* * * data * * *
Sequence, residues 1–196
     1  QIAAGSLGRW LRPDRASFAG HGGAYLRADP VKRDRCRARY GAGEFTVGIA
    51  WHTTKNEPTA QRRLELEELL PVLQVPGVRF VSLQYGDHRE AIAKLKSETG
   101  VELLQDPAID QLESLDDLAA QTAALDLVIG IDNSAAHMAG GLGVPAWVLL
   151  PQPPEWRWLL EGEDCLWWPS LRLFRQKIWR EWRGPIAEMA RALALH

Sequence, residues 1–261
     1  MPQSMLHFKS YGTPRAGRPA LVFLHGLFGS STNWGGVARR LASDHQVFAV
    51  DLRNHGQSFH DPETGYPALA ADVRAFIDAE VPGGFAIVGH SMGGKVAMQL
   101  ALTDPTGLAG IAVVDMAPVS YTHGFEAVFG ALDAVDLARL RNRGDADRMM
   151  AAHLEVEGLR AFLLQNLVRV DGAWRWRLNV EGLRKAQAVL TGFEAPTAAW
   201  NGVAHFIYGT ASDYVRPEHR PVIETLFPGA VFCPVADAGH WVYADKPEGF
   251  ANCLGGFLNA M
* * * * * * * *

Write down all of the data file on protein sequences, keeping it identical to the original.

Sequence, residues 1–196
     1  QIAAGSLGRW LRPDRASFAG HGGAYLRADP VKRDRCRARY GAGEFTVGIA
    51  WHTTKNEPTA QRRLELEELL PVLQVPGVRF VSLQYGDHRE AIAKLKSETG
   101  VELLQDPAID QLESLDDLAA QTAALDLVIG IDNSAAHMAG GLGVPAWVLL
   151  PQPPEWRWLL EGEDCLWWPS LRLFRQKIWR EWRGPIAEMA RALALH

Sequence, residues 1–261
     1  MPQSMLHFKS YGTPRAGRPA LVFLHGLFGS STNWGGVARR LASDHQVFAV
    51  DLRNHGQSFH DPETGYPALA ADVRAFIDAE VPGGFAIVGH SMGGKVAMQL
   101  ALTDPTGLAG IAVVDMAPVS YTHGFEAVFG ALDAVDLARL RNRGDADRMM
   151  AAHLEVEGLR AFLLQNLVRV DGAWRWRLNV EGLRKAQAVL TGFEAPTAAW
   201  NGVAHFIYGT ASDYVRPEHR PVIETLFPGA VFCPVADAGH WVYADKPEGF
   251  ANCLGGFLNA M